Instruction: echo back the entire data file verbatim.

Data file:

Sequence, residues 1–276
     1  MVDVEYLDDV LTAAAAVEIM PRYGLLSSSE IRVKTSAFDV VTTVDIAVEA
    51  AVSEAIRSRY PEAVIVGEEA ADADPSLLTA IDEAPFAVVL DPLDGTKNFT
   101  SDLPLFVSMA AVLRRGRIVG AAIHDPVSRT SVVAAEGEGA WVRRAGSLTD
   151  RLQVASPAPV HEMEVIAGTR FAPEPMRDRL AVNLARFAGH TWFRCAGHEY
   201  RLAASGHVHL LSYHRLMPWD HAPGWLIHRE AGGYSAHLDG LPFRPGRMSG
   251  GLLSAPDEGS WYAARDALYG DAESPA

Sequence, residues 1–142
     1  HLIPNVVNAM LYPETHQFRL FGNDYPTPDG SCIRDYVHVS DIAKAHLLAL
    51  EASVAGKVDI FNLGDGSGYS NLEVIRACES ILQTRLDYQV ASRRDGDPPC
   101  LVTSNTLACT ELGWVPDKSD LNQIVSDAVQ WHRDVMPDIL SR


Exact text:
Sequence, residues 1–276
     1  MVDVEYLDDV LTAAAAVEIM PRYGLLSSSE IRVKTSAFDV VTTVDIAVEA
    51  AVSEAIRSRY PEAVIVGEEA ADADPSLLTA IDEAPFAVVL DPLDGTKNFT
   101  SDLPLFVSMA AVLRRGRIVG AAIHDPVSRT SVVAAEGEGA WVRRAGSLTD
   151  RLQVASPAPV HEMEVIAGTR FAPEPMRDRL AVNLARFAGH TWFRCAGHEY
   201  RLAASGHVHL LSYHRLMPWD HAPGWLIHRE AGGYSAHLDG LPFRPGRMSG
   251  GLLSAPDEGS WYAARDALYG DAESPA

Sequence, residues 1–142
     1  HLIPNVVNAM LYPETHQFRL FGNDYPTPDG SCIRDYVHVS DIAKAHLLAL
    51  EASVAGKVDI FNLGDGSGYS NLEVIRACES ILQTRLDYQV ASRRDGDPPC
   101  LVTSNTLACT ELGWVPDKSD LNQIVSDAVQ WHRDVMPDIL SR